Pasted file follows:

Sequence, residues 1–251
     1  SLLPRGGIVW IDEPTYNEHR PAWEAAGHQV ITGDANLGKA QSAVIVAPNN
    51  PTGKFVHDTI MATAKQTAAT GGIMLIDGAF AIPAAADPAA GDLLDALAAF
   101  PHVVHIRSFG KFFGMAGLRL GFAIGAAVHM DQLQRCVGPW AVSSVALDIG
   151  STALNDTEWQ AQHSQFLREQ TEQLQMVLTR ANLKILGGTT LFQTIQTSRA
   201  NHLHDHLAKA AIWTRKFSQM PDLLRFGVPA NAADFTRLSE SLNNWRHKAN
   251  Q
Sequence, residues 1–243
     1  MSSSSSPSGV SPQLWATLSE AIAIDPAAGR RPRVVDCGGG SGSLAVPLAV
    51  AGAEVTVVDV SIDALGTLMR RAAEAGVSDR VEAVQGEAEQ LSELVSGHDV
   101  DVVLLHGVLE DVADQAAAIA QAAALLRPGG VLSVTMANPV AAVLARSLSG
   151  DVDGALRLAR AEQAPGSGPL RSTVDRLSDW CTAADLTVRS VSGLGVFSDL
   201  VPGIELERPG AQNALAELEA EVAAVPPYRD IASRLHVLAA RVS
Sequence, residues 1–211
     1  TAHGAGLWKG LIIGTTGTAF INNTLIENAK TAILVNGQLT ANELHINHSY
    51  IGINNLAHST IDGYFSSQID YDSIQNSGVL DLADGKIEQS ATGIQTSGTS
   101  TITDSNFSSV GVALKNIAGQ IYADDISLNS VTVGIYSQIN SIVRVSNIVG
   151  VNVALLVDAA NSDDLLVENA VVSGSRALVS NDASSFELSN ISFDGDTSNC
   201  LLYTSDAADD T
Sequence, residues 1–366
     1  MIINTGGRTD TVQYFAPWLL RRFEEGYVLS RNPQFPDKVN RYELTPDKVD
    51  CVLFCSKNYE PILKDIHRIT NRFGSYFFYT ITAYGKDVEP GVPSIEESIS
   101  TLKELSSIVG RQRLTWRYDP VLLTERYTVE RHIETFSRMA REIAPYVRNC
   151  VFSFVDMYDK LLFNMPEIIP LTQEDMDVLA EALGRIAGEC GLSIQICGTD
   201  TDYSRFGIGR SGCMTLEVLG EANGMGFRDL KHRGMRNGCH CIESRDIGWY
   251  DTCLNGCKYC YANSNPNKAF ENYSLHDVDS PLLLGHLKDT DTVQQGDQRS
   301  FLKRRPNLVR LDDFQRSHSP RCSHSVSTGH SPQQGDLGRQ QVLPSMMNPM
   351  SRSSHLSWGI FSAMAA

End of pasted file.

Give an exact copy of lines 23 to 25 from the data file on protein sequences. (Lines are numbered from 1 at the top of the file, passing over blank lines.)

   101  TLKELSSIVG RQRLTWRYDP VLLTERYTVE RHIETFSRMA REIAPYVRNC
   151  VFSFVDMYDK LLFNMPEIIP LTQEDMDVLA EALGRIAGEC GLSIQICGTD
   201  TDYSRFGIGR SGCMTLEVLG EANGMGFRDL KHRGMRNGCH CIESRDIGWY